Tagged With networking

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If you're building a new home, or renovating your existing one, you have a great opportunity to update and future-proof your home's wiring — not only for power (like adding USB sockets to your wall outlets) but also for networking. Putting a bit of thought into how you set your home up can save you from the woes of dodgy Wi-Fi connectivity, unwanted buffering and black spots throughout your living space.

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The Chromecast is often hailed for its web streaming capabilities, letting you Netflix (or YouTube, or Stan, or Presto) binge on the cheap. You can, however, easily stream local files from your computer to these HDMI-enabled dongles as well with the right apps installed — here's how to get everything set up.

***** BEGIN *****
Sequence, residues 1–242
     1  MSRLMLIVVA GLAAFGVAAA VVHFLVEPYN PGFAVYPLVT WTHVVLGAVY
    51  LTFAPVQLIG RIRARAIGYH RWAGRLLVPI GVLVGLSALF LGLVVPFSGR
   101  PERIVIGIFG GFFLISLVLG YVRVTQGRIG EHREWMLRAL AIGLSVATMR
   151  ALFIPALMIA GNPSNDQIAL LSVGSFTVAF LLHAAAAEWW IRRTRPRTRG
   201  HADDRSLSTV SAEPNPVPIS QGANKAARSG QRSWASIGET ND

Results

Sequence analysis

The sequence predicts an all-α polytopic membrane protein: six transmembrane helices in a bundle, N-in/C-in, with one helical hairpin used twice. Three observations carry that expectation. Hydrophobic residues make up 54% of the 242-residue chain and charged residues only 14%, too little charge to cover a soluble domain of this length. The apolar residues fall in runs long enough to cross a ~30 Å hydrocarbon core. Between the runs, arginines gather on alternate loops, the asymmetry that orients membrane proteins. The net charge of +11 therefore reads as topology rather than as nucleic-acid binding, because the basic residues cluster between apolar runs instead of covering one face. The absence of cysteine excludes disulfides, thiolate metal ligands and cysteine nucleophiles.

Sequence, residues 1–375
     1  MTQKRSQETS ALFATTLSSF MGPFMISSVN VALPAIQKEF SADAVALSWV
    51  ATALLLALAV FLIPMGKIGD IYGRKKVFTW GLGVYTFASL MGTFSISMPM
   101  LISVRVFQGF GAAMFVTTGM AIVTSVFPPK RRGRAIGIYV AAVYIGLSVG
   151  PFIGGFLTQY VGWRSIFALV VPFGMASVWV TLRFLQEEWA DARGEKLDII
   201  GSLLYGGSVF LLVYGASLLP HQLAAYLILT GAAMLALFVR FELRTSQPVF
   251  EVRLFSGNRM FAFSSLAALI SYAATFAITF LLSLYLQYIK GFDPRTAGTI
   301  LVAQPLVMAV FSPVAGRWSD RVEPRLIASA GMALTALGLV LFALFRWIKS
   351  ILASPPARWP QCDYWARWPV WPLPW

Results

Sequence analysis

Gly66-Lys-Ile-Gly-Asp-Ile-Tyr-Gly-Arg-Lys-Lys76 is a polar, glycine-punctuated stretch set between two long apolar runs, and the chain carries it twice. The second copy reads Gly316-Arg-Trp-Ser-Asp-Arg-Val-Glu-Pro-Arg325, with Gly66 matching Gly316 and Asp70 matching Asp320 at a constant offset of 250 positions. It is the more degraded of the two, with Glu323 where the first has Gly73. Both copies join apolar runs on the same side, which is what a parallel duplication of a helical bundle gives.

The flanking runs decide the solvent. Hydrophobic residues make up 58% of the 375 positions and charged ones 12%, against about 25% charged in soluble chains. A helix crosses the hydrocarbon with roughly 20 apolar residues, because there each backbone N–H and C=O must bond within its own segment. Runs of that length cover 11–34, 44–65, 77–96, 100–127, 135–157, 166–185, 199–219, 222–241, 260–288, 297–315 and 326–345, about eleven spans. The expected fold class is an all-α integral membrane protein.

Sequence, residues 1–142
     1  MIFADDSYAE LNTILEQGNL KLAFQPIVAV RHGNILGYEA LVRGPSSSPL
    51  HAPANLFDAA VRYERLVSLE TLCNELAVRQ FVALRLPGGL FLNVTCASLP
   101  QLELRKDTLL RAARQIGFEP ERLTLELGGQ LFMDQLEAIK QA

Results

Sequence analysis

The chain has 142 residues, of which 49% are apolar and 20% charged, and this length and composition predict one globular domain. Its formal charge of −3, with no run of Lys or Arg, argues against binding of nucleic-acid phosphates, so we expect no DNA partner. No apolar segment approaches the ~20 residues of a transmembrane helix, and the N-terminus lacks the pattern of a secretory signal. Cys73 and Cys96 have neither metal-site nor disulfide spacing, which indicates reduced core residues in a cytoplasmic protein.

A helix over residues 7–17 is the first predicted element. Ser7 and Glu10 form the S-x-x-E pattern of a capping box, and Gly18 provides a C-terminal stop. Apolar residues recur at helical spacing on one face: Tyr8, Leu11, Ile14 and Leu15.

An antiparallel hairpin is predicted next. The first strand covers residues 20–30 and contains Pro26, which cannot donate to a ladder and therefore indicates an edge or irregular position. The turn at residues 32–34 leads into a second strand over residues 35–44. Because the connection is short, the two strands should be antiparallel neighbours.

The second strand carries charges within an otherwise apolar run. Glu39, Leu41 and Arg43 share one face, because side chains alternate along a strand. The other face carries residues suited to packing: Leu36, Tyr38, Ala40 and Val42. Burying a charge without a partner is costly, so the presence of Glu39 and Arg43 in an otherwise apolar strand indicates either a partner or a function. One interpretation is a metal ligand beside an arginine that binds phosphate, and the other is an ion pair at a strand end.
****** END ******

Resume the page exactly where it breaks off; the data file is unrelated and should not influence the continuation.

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The OnHub is Google's latest weird experiment. It's a $US200 router stuffed with fourteen antennae that's being marketed as a cure-all for people who have a zillion wireless devices with different network needs. But what does that actually mean? I tore down my OnHub with the hardware hackers at iFixit to find out.

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Your router is the most horrible technology you deal with every day. This essential tool keeps your home connected to the internet, and yet, you keep it thrust in a dusty corner because it's a wretched, opaque box of confusion. Google's OnHub is a critical step towards helping you take control back from those miserable blinking lights.

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There's a new undersea cable in the works, unlike any system that's been built before. It is almost 10,000 miles long. It winds under the Arctic Ocean, from the United Kingdom, over Canada, and down to Japan, offering the fastest possible route between London and Tokyo. It stops on icy Canadian shores along the way, providing internet access to small communities entirely dependent on spotty satellite connection. And what's really new: the cable is made possible only by climate change. Melting Arctic ice is making way for giant cable ships.